EU and Poland rift deepens over declaration of supremacy of Polish law
Poland’s top constitutional body ruled this week that EU law could not override the Polish constitution, especially over controversial judicial reforms.
The Constitutional Tribunal ruled that some parts of EU treaties were incompatible with Poland’s constitution, challenging European integration and sharply escalating the dispute with Warsaw.
The move has been seen as Poland’s nationalist government seeking to stop Polish judges using EU law to question the status of their colleagues appointed following constitutional changes.
Clément Beaune, the French Europe minister, said the Polish ruling risked pushing the country out of the EU. “It is very serious. There is the risk of a de-facto exit,” the Macron ally said.
“It’s very serious, it’s not a technical or a judicial issue, it’s eminently political,” Beaune told BFM TV.
“When you join a club, you sign a contract, which is called a treaty, which was for that matter approved by a referendum in Poland, it’s the Polish people who voted for it,” Beaune said. “When you are in the club, you respect the rules.”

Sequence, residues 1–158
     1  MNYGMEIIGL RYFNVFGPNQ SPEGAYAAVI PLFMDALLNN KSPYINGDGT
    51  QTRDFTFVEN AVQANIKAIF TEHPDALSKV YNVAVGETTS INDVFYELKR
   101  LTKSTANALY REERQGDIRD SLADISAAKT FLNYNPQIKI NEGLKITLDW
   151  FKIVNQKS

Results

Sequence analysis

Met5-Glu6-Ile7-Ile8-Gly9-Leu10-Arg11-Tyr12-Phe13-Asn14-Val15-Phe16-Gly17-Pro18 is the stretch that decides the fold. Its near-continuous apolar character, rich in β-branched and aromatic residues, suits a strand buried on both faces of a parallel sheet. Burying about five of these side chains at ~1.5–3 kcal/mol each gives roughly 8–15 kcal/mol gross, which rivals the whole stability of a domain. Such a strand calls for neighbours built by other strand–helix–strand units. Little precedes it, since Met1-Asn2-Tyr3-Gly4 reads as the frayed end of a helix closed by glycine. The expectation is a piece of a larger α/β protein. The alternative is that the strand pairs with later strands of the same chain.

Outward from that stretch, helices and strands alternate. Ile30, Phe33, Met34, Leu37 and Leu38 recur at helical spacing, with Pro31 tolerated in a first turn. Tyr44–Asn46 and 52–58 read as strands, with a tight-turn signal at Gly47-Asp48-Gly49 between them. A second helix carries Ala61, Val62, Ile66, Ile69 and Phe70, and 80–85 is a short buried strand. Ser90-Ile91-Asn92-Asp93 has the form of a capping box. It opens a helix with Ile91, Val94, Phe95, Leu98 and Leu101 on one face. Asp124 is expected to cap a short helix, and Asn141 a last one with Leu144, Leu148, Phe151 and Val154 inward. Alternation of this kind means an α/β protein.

The row follows Polish defiance over rulings from the European Court of Justice on migrant quotas, the independence of the judiciary and other questions as Poland is seen as abandoning democratic norms.
The European Commission says constitutional changes have undermined judicial independence and opened up Polish courts to political interference.
The Constitutional Tribunal has been targeted by the populist Law and Justice (PiS) government. It is now dominated by judges who are seen as loyal to PiS, one of whom was illegally appointed, according to the European Court of Human Rights.
Polish Prime Minister Mateusz Morawiecki welcomed the ruling, saying Poland wanted to create a fairer EU.
“The judgment of the Constitutional Tribunal confirmed what literally results from the content of the constitution of the Republic of Poland. Namely, that constitutional law is superior to other sources of law,” Morawiecki posted on Facebook.
“We have the same rights as other countries. We want these rights to be respected. We are not an uninvited guest in the European Union. That is why we do not agree to be treated as a second-class country,” he added.
“This is the kind of union we want and that’s the kind of union we will create,” Morawiecki posted, while adding that Poland wanted to stay in the “European family of nations”.
Picture credit: Wikimedia